♻️ Sheffield zero waste and package-free refill shop The Bare Alternative and local food coop Regather share their tips for reducing food waste in this piece in Now Then. Mathew from The Bare Alternative explains how their BYOC (bring your own container) model provides an affordable, package-free way of shopping for everyday groceries while Rachel from Regather explains how they manage to waste so little food compared to supermarkets.
Things to do
🍔 The always popular Peddler Market returns this weekend after its annual January break. Traders at this month’s event (Friday 3 February-Saturday 4 February) include East Asian street food from Brúm Mì, Good Boy Burger and Kebab Cartel. There will also be live music and arts and crafts stalls throughout the weekend. And while you’re there why not check out underground “vertical farm” Leaf and Shoot who, as well as selling house plants, soil and plant food, will also be hosting terrarium workshops. Our piece about Leaf and Shoot is here.
🎻 This Saturday, 4 February, Manchester Camerata and Sheffield Philharmonic Chorus will perform works by Mozart, Caroline Shaw and Clara and Robert Schumann at the City Hall. The concert will open with the overture to Robert Schumann’s Genoveva followed by South Korean pianist Klara Min playing Clara Schumann’s Piano Concerto. Caroline Shaw’s “gorgeous, yet exhilarating” Music in Common Time is next before the concert is brought to a close by Mozart’s Symphony No.36, a masterwork written at the height of his career and completed in just four or five days. Doors open at 7pm and tickets are priced £22.50-£30.50.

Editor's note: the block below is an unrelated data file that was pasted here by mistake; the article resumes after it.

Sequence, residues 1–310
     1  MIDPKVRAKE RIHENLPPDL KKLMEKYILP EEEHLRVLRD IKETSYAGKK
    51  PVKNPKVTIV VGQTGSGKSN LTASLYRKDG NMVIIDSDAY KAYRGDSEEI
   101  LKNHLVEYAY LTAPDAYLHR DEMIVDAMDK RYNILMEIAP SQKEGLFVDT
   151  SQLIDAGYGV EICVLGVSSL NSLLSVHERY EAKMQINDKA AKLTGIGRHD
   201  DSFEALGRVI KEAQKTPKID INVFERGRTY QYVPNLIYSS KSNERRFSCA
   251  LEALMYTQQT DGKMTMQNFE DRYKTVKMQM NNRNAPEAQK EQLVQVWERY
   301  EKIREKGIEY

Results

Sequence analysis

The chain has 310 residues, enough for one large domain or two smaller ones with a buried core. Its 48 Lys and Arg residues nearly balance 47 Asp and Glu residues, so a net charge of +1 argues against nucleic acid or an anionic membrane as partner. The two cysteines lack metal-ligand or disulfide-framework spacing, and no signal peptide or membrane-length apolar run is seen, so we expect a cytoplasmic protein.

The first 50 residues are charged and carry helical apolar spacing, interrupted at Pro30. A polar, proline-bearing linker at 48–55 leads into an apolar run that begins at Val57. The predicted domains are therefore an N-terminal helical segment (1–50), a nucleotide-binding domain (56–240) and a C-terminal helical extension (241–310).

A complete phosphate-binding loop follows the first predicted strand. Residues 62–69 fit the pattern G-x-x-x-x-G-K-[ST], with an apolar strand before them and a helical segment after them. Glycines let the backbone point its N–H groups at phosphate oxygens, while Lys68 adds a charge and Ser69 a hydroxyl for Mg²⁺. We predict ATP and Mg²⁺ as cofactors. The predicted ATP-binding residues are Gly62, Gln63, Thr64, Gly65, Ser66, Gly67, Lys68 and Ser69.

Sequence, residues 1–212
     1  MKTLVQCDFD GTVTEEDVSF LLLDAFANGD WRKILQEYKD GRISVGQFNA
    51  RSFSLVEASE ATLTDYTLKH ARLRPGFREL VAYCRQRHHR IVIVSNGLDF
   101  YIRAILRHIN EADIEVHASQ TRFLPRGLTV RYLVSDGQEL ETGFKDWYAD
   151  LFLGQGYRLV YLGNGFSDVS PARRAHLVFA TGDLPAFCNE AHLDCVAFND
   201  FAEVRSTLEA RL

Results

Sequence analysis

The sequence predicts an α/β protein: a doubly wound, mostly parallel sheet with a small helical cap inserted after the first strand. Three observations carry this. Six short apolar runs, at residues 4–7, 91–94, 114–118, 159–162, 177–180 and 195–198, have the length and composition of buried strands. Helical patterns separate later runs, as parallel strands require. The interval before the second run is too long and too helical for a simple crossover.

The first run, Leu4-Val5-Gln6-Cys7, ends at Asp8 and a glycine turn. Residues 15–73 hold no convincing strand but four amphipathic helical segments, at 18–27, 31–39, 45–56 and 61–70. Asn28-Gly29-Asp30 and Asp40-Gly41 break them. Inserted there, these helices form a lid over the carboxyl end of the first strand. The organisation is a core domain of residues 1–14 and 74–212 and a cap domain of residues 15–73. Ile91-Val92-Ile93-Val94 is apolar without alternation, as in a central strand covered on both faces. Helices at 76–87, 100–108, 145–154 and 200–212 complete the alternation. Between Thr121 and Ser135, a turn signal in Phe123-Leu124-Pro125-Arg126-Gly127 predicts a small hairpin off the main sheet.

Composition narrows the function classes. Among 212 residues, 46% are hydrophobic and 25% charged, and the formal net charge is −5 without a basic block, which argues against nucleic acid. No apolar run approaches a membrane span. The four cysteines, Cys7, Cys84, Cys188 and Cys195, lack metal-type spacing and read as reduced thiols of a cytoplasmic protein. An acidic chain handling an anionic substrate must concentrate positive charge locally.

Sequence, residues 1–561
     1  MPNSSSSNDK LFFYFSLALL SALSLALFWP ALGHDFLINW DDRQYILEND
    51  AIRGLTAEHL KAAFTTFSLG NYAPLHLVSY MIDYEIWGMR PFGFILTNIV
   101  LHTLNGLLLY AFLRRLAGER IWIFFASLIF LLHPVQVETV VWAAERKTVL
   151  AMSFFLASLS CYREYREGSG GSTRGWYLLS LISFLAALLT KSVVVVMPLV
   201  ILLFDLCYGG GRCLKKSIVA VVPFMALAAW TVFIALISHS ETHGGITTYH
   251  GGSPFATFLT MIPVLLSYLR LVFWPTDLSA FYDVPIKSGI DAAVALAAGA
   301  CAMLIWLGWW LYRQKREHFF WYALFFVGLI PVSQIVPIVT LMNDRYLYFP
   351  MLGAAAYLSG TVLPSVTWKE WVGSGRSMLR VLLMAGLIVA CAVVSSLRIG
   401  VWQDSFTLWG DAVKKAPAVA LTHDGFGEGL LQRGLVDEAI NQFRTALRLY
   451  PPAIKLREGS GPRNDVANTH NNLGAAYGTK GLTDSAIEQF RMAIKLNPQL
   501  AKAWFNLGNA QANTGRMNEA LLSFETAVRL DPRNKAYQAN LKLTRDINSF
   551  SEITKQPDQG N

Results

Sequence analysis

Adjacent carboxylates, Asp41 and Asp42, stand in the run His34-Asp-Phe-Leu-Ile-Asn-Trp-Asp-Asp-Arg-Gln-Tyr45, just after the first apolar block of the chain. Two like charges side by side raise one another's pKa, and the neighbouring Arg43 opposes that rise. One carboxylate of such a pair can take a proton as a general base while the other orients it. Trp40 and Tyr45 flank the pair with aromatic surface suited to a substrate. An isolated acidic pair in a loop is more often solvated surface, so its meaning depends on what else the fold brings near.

🥾 This Sunday 5 February, local historian Anders Hanson of Kelham Island Walks will lead another of his walking tours of the historic industrial area. On the walk you’ll discover fascinating stories about the successes and the tragedies of the people who made the area what it is, and an insight into how the area became the Kelham Island of today. The walk, which costs £10, takes around two hours and covers about a mile and a half (2km), will begin at 10.30am at the Bessemer Converter outside the Kelham Island Museum. Find out more about this walk and others at the Kelham Island Walks website.
By David Bocking
Brrrr. It’s getting cold again. Or maybe that’s just being in the house for several hours without the heating on.